We’ve written extensively about the offices of Orrick in Wheeling, West Virginia. It’s the place where non-partner track associates go to perform the kind of quasi-paralegal tasks that you really shouldn’t have to pay somebody $160,000 a year to get done.
Here’s the thing about these “onshore,” “insourcing” operations: they are successful. Ridiculously successful. In an article in the Pittsburgh Post-Gazette, Orrick chairman Ralph Baxter called the decision to open the Wheeling center “one of the smartest decisions we’ve ever made for the firm and our clients.” And that’s coming from a man who made the smart decision not to merge with Dewey Ballantine.
The article in the Pittsburgh Post-Gazette focuses on the positive experience Orrick and Reed Smith have had in West Virginia. Most of it is happy-clappy tales of how wonderful the town is and how difficult it is to tell the difference between a man’s wife and his sister.
But the brass tacks of the piece is the money Orrick has been saving:
Orrick estimates the Wheeling facility generates cost savings of $10 million to $15 million annually, primarily as a result of lower salaries and real estate expenses than it would pay in San Francisco or other major metropolitan cities.
Reed Smith is also saving a bunch of money. Check out this money quote from a giddy Reed Smith partner, COO Gary Sokulski:
Reed Smith’s customer center now employs 300 including its e-discovery group and 75 staff attorneys, who, like Orrick’s career associates, are not on the partner track but perform document reviews, e-discovery and other tasks for the firm’s associates and partners.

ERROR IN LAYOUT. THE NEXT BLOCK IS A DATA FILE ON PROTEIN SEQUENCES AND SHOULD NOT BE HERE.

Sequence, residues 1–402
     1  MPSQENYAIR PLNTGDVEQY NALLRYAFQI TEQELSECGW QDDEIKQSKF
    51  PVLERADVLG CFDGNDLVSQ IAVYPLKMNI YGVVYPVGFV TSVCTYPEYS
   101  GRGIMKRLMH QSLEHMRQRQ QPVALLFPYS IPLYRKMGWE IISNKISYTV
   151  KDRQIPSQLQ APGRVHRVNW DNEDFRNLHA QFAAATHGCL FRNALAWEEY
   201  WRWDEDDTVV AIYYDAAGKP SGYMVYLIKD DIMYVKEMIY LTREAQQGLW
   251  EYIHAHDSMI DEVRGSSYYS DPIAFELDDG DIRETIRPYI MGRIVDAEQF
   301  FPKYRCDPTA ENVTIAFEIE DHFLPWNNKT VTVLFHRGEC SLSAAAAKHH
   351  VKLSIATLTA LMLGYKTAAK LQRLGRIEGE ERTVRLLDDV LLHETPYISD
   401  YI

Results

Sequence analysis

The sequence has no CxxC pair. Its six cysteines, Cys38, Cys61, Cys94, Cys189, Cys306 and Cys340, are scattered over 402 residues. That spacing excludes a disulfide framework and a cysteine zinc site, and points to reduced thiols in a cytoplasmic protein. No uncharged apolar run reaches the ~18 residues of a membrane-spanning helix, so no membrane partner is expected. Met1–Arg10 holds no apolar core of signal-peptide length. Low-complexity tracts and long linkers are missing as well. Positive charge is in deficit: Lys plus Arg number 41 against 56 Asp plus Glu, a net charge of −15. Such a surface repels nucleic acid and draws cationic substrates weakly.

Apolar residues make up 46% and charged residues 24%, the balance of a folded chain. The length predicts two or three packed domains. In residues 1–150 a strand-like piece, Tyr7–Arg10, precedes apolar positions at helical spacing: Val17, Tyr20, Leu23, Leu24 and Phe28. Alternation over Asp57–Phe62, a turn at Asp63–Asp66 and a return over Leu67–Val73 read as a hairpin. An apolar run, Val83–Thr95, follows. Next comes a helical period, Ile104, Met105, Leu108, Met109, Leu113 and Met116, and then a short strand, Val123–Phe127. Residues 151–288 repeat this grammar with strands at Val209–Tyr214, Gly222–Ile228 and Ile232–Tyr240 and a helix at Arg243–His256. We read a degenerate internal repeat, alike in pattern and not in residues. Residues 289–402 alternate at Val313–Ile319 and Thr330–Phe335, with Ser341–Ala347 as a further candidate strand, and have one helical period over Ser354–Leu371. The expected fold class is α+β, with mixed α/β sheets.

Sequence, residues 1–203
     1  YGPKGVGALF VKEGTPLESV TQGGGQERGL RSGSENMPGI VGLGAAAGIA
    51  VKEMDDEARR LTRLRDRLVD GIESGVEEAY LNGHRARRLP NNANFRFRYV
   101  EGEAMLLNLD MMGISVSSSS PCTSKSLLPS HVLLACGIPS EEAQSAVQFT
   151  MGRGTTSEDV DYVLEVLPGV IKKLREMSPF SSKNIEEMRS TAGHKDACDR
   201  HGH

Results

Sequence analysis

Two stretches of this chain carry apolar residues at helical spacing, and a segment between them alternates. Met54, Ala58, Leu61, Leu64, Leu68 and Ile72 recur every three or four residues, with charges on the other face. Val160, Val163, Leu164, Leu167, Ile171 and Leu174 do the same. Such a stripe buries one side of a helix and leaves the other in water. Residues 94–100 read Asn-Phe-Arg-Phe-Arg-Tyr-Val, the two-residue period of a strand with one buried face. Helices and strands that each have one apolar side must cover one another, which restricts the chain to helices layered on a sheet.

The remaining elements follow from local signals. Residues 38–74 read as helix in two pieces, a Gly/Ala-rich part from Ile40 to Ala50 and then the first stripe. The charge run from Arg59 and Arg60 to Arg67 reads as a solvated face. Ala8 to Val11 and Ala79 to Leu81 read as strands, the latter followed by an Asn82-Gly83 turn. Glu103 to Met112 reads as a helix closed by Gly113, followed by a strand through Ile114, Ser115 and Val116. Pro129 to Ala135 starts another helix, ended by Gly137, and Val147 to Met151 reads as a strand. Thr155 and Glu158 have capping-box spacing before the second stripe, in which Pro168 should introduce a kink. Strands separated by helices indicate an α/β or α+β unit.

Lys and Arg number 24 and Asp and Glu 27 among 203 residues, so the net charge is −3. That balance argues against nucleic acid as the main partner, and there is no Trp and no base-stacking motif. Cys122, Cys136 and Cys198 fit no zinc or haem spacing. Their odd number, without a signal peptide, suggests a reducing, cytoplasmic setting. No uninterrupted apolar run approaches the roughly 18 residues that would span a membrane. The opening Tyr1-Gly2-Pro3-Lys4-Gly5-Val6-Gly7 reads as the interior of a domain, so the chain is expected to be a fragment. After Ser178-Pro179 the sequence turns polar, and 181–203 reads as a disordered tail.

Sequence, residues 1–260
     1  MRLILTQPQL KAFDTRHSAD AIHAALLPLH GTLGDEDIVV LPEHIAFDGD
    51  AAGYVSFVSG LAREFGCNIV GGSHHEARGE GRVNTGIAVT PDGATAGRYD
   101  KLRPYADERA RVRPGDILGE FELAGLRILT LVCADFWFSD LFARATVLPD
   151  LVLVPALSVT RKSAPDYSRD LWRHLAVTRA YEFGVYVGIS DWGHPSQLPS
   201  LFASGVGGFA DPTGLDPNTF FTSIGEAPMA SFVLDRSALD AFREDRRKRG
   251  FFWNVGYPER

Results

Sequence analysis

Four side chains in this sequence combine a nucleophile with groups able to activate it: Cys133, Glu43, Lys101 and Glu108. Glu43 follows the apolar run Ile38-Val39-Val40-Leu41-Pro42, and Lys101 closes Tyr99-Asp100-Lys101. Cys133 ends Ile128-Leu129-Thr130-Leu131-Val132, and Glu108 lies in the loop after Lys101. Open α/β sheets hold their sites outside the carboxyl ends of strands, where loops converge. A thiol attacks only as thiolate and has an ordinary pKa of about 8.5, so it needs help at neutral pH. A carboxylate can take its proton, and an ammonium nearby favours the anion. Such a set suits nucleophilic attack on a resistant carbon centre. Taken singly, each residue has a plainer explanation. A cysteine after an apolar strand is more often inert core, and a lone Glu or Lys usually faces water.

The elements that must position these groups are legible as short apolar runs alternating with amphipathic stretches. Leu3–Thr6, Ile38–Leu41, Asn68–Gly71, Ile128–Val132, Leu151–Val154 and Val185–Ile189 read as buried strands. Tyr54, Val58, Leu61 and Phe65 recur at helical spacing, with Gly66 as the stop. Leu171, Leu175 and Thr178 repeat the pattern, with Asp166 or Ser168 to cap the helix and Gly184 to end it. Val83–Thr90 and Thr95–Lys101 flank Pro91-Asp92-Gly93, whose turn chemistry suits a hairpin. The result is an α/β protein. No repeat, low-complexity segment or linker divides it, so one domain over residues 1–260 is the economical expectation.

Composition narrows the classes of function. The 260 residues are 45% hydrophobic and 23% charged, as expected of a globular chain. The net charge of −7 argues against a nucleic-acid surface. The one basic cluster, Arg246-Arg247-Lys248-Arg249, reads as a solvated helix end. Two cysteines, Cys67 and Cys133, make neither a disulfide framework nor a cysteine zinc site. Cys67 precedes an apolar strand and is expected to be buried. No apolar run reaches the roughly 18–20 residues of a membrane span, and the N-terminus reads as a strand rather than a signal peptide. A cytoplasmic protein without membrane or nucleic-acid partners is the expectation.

“Instead of hiring a $130,000-a-year new lawyer, we get these people for less than half that number,” Mr. Sokulski said.
Now, somebody please tell me why all the law firms aren’t getting their next crop of document monkeys at half price?
I don’t want to hear about how clients need or expect the best lawyers in all the land to perform menial tasks related to massive discovery production. They don’t; for most part, we’re talking about work a reasonably diligent high school student could perform.
And while you might not get the very best students, there are a lot of decent law schools that are producing thousands of unemployed graduates every year. Biglaw firms can still get their fill of Harvard or Berkeley or top 5% lawyers to fill their traditional associate ranks. But when it comes to the jobs that just require man hours, there are more than enough law graduates clamoring for jobs that pay a middle-class salary and benefits. You never see one of these firms complaining that they can’t fill their West Virginia seats.
The only reason every Biglaw firm doesn’t already have an office in Wheeling or some other bombed-out crater of a former industrial town is that Biglaw firms are slow to change. They know how to hire people, they know how to fire people, but if these guys were natural businessmen…. well, they probably would have gone to business school instead of law school.
Unfortunately, you know who is even slower to change than law firms? Law schools. As we’ve said before, the problem is not the availability of these jobs, the problem is with the people who spent over $100,000 to go to law school who graduate and can get only these jobs (if they are lucky). The problem is with a law school model, dictated by the ABA, that forces every lawyer to be educated in a fairly similar way, regardless of the type of lawyer they’re going to end up being. Law firms might be able to recognize that not every associate is going to become a Biglaw partner, but the ABA can’t seem to understand that not every law student is going to become a judge or an academic.
What we need is the Wheeling version of law school: some glorified, year-long bar prep course that teaches you some basic, practical skills, allows you to sit for the bar, and then sends you on your way for less than half of what some law schools charge for a full year.
We need the Wheeling of law schools, because the Wheeling of Biglaw isn’t going anywhere. In fact, it’s getting stronger.
Future generations will look back at our time as the point when the term “associate” irrevocably split into different kinds of careers. And some associates are going to be more equal than others.
Law firm’s operations center helps revitalize West Virginia mill town [Pittsburgh Post-Gazette]